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And a brief case for arguing.
Walter Kirn posted an excellent piece yesterday about the now-obligatory media ritual each Thanksgiving where journalists tell Americans how to communicate with each other during their holiday get-togethers. I share Walter’s irritation with this genre of article, not least because it often rests on the premise that the readers of said advice columns are surely more enlightened than the relatives they find so difficult.
The Battleground Thanksgiving articles share certain familiar tropes and themes. They have a ritual villain, for example. It’s typically a cranky older relative hailing from a roughhewn heartland city who crudely dismays his more enlightened relatives with his blunt views on race or Trump or Covid.
Beyond the baked-in smugness, these articles are based on a more pernicious idea, that people need advice on how to perform basic social functions. Many of the articles feature interviews with psychologists. USA Today upped the ante by including not just a couple of psychologists but also a DEI consultant.
The notion that we need to professionalize conversation, generally with an eye toward avoiding “conflict,” is, I think, unhelpful. Yes, people should be respectful. Yes, they should be open to hearing different views. (And I’m doubtful that simply telling anyone that will alter their behavior and mindset.) But conflict, argument, debate—this is what makes for real relationships.
Sure, sometimes it’s best just to watch football and not get into it. But, generally, I wish people were less hesitant for genuine engagement. Journalistically, that’s what I’ve tried to do. During the pandemic I found my reporting—and myself—estranged from the narratives the legacy media was intent on enforcing. I occupied a rare lane, where I continued to write for establishment outlets, but generally did so as a lone contrarian voice.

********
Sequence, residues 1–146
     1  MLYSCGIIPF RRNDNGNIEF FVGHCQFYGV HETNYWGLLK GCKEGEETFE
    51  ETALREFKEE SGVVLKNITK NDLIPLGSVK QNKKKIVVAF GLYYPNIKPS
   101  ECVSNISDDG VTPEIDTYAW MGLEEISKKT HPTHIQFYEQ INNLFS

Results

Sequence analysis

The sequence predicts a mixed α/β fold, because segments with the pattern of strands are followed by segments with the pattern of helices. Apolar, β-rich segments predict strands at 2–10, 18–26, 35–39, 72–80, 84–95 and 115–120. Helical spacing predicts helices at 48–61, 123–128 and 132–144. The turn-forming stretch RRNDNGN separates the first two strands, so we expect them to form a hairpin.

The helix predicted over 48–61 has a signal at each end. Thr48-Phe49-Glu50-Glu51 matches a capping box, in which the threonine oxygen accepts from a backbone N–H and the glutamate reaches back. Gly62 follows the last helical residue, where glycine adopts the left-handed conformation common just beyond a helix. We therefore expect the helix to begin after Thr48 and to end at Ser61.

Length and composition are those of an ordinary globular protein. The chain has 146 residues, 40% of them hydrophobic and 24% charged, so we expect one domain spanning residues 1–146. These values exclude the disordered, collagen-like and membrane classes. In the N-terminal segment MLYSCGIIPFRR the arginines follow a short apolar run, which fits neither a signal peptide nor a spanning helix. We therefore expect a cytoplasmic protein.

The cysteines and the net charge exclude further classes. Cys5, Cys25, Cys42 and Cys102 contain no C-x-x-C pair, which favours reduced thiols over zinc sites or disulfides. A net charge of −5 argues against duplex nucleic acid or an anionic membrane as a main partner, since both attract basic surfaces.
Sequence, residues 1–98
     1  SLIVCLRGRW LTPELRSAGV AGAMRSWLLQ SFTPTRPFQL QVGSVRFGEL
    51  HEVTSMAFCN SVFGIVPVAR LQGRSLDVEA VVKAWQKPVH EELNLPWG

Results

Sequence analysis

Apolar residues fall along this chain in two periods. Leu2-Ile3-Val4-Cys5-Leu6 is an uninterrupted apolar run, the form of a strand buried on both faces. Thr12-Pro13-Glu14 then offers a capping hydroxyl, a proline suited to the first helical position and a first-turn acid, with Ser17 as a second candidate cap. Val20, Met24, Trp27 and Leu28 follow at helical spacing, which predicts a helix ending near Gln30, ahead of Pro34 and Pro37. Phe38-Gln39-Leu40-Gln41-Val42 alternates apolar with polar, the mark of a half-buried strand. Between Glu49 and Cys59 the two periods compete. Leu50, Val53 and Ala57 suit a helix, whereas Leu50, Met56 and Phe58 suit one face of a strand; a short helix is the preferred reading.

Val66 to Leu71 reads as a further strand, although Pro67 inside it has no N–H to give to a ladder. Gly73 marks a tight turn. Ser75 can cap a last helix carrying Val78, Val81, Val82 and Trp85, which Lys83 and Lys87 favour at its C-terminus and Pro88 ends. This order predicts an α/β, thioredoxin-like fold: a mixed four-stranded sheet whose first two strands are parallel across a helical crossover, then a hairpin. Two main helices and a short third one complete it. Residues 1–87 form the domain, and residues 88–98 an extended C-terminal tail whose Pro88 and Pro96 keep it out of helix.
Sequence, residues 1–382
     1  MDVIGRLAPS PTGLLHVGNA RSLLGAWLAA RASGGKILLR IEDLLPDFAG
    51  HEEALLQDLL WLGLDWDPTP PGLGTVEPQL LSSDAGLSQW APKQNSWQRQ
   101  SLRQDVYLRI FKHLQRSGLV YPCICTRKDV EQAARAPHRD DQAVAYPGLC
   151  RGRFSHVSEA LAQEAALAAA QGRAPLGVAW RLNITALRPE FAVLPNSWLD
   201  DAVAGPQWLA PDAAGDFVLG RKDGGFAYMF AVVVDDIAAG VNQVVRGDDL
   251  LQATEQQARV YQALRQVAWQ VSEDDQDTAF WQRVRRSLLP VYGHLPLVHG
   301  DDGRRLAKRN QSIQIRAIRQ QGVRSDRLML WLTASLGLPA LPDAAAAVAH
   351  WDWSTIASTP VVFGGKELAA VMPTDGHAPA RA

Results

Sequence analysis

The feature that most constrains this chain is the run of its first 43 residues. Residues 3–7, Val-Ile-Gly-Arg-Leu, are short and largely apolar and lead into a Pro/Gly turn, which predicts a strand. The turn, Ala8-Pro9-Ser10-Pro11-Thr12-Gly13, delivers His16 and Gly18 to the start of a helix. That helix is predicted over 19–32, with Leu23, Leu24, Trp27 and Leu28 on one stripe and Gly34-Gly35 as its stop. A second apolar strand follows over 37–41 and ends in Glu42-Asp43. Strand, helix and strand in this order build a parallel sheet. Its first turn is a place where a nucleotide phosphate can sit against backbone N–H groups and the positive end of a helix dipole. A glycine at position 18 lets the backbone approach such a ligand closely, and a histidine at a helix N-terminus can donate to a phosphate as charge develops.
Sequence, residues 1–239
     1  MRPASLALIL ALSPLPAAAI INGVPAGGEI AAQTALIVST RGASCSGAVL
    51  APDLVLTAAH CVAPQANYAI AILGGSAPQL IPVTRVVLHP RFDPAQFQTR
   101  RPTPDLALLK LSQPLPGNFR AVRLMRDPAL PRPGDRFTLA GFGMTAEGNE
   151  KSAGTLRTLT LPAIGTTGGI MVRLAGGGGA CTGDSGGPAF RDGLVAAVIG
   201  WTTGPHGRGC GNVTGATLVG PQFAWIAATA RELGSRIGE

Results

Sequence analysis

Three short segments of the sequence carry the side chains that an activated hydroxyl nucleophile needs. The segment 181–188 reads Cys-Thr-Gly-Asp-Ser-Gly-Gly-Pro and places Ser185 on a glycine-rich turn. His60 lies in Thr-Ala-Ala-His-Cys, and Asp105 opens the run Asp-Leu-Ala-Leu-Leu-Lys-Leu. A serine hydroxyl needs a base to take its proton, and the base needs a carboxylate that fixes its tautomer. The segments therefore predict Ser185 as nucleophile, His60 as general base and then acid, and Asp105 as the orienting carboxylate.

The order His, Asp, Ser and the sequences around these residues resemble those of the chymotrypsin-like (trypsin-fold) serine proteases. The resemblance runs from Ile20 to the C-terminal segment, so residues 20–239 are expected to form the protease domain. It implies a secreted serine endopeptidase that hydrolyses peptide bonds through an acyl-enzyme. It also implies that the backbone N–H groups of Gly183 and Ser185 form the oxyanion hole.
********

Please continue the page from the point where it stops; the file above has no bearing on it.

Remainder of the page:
I’ve often been asked how I got controversial pieces—on masks, vaccines, schools—published in New York magazine, the Atlantic, and other outlets. The answer is: it was often hard! I’m very grateful that I worked with editors who I respect, and who respected me and my work, and who had enough influence internally to green light my pieces. I’d be delighted to work with many of them again, should the circumstance feel right.
But in the past year, as I’ve devoted my work almost exclusively to this newsletter, the sense of purpose, autonomy, and community I feel is unrivaled. I’ve written around 40 pieces for Silent Lunch, from in-depth features running thousands of words to brief commentaries. I could never be this prolific writing for other outlets.
I am grateful to my informal staff of editors—including physicians, lawyers, and my long-suffering spouse—who I often lean on to help ensure the work I bring you is polished. But, unlike writing for someone else, these editors are not gatekeepers. I am free to pursue what is of interest to me, and what I think will be of interest to you, my readers. The formula seems to be working.
In a short amount of time, without any outside investment, sensationalist clickbait, or promotion beyond my Twitter account and word of mouth, Silent Lunch has grown to nearly 10,000 subscribers, with an ever-increasing number of them signing up as paid subscribers.
I am incredibly thankful for your support and honored to work for you. My goal is to bring you something excellent. Be it thoughtful essays or deeply researched investigative pieces, Silent Lunch is about covering topics no one else is covering, or bringing new perspectives to major stories you’re not seeing in the legacy media. I can’t wait to take this mission to the next level!
Over the next few weeks posting may be a little light, as I desperately try to finish a round of edits on my forthcoming book, An Abundance of Caution, for MIT Press, about American schools during the pandemic. (Alas, the book will not be out for over a year from now. The gears of book publishing grind very slowly, especially at an academic press. But the text gets locked far in advance.)
In the new year Silent Lunch is going into hyperdrive. What you will receive is going to expand considerably. Aside from multiple, large investigative pieces that are in the works right now, there will be some major new features. Specifically, a few extremely smart and talented guest writers are going to join Silent Lunch, penning occasional pieces. And, most significantly, a kick-ass podcast is under development.
I wish you all a restful, tryptophan-induced evening. (That includes vegetarians—lots of foods contain tryptophan, not just turkey!)
With thanks, again,